However, in order to convey that information logically and without contradictions, you must have an idea of how things work.

  • Who has the power and privilege in that society, and who is the underclass?
  • How is your society divided? Who has the wealth?
  • Who has the power? Men, women—or is it a society based on mutual respect? Is one race more entitled than another?
  • Who wants power, and what lengths are they willing to go to gain it?
  • What place does religion have in this society? Is it central to the governance of the society, or is it a peripheral, perhaps nonexistent thing?
  • What passes for morality? Is sex before marriage taboo? What constitutes murder and how is it viewed? Remember, you only need to worry about the moral dilemmas that come into your story.
  • If a character goes against society’s unwritten or moral laws what are the consequences?

This creates atmosphere. This is knowledge the characters have but the reader does not. There is no need to have an introductory chapter describing the laws and moral codes of the religious order of Grok, or the political climate of West Berlin in 1961. The way you convey this is to show how these larger societal influences affect your character and his/her ability to resolve their situation.

Consider this story: a woman is separated from her husband by the Berlin Wall.  Every day, on her way to her job, she rides her bicycle past the wall, knowing that on the other side, less than a block away, is her husband. Yet the couple is divided by an impassable barrier. How the wall affects her is shown in her everyday life. In this story, the history of how the wall came into existence isn’t as important as how its presence destroys her family. The wall represents the ideology of those who rule in her divided city, so the reader comes to know the politics of both East and West Berlin by her experiences in trying to cross that barrier.

And now for the magic:

If magic is central to your story, it is critical that you have finite rules for limiting how magic works. If you make your characters too clever, readers won’t be able to relate to their story. 

Harry_Potter_and_the_Philosopher's_Stone_Book_CoverWhen magic is part and parcel of a story, rules and limitations create the tension that moves the plot forward. J.K. Rowling’s Harry Potter series is an excellent example of this. No one character has all the power. The two most powerful wizards, Dumbledore and Voldemort, are evenly matched, but neither one is all-powerful. Both wizards want something from Harry. Harry has to work hard to gain his the full use of his abilities.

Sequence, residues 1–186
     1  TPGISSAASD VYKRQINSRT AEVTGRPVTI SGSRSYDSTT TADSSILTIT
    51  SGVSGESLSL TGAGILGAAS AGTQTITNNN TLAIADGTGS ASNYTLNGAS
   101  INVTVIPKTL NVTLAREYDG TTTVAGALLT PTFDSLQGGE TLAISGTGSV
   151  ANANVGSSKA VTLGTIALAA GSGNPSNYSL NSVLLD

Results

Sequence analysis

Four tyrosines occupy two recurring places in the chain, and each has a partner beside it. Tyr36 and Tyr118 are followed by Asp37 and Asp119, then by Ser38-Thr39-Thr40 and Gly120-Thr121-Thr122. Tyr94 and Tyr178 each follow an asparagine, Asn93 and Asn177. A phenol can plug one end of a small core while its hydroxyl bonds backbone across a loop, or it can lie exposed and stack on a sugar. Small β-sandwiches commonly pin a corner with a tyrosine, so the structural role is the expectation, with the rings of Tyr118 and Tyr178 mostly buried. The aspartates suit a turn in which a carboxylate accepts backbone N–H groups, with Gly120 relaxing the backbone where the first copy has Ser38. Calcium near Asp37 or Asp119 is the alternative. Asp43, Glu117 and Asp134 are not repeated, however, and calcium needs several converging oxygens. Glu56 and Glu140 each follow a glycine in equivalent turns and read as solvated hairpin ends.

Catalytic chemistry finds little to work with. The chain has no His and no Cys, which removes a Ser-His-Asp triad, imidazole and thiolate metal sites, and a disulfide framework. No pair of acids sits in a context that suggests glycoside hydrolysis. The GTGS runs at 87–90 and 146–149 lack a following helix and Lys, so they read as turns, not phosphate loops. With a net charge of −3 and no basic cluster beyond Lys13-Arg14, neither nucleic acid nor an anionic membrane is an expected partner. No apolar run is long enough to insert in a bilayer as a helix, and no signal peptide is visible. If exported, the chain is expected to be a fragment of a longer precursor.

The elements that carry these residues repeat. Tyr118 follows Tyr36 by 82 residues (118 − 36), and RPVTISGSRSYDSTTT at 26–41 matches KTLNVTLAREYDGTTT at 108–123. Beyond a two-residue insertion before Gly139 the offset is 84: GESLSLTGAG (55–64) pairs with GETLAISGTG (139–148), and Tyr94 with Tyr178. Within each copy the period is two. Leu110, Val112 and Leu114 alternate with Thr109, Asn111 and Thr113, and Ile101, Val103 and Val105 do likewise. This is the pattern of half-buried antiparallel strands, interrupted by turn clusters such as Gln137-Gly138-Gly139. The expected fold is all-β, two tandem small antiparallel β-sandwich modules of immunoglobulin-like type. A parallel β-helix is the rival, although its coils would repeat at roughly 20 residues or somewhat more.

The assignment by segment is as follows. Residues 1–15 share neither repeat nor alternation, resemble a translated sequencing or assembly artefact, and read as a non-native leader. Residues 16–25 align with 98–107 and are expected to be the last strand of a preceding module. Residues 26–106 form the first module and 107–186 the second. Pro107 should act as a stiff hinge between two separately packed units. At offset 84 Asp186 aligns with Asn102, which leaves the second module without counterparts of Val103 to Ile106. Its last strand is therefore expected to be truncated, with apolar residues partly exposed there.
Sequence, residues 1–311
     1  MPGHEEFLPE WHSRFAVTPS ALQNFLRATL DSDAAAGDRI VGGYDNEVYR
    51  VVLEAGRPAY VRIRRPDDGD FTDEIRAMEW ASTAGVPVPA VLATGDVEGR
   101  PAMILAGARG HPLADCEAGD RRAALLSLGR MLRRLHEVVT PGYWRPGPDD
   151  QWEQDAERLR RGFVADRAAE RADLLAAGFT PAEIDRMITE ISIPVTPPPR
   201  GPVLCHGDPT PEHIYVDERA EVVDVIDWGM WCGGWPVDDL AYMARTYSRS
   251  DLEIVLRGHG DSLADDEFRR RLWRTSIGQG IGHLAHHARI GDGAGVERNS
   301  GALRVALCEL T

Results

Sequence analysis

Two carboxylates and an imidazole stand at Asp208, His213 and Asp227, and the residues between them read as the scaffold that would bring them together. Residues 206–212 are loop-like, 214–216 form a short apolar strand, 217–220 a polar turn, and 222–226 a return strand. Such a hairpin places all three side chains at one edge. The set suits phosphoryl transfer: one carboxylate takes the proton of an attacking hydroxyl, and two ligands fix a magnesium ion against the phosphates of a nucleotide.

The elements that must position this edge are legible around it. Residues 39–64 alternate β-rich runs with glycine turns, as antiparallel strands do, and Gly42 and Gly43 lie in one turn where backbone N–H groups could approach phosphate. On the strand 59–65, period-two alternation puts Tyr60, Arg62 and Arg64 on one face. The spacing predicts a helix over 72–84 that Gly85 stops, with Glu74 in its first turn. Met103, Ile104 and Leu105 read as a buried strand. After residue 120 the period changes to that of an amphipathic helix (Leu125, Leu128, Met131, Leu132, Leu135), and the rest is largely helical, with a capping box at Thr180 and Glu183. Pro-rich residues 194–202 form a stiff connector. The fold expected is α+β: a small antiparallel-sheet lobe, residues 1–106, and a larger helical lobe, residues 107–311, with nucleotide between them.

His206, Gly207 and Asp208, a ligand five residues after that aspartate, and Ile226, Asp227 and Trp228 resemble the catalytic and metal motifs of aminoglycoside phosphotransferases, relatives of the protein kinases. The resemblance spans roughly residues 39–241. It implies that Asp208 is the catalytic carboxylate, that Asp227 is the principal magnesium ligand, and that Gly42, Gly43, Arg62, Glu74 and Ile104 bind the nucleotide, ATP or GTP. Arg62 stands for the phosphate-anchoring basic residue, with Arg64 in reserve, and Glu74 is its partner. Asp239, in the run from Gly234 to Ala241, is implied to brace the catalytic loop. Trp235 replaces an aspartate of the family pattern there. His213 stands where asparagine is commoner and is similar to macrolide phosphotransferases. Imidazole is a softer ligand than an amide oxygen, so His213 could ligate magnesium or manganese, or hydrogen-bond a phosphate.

Harry’s struggle is the story.

  • Who has the magic, and what social power does this give them?
  • What are the limitations of his/her powers?

Each time you make parameters and frameworks for your magic you make opportunities for conflict within your fantasy world. Conflict is what drives the plot.

What challenge does your character have to overcome in regard to his magic?

  • Is he unable to fully use his own abilities?
  • If that is so, why is he hampered in that way?
  • How does that inability affect his companions and how do they feel about it?
  • Are they hampered in anyway themselves?
  • What has to happen before your hero can fully realize his abilities?

Without rules, there would be no conflict, no reason for the hero to struggle, and no story to tell.

Merlin, by Douglas Baulch, Via Wikimedia Commons

Merlin, by Douglas Baulch, Via Wikimedia Commons

I have three worlds with three radically different systems of magic. My serial, Bleakbourne on Heath, is set in a parallel earth that is one shadow away from this one. Bleakbourne, situated on the Heath River, is where the fey and the mortal worlds meet. Leryn, my main character, has many adventures with people who have certain parallels with our history and who are drawn from Arthurian legend, but who are given my own particular twist.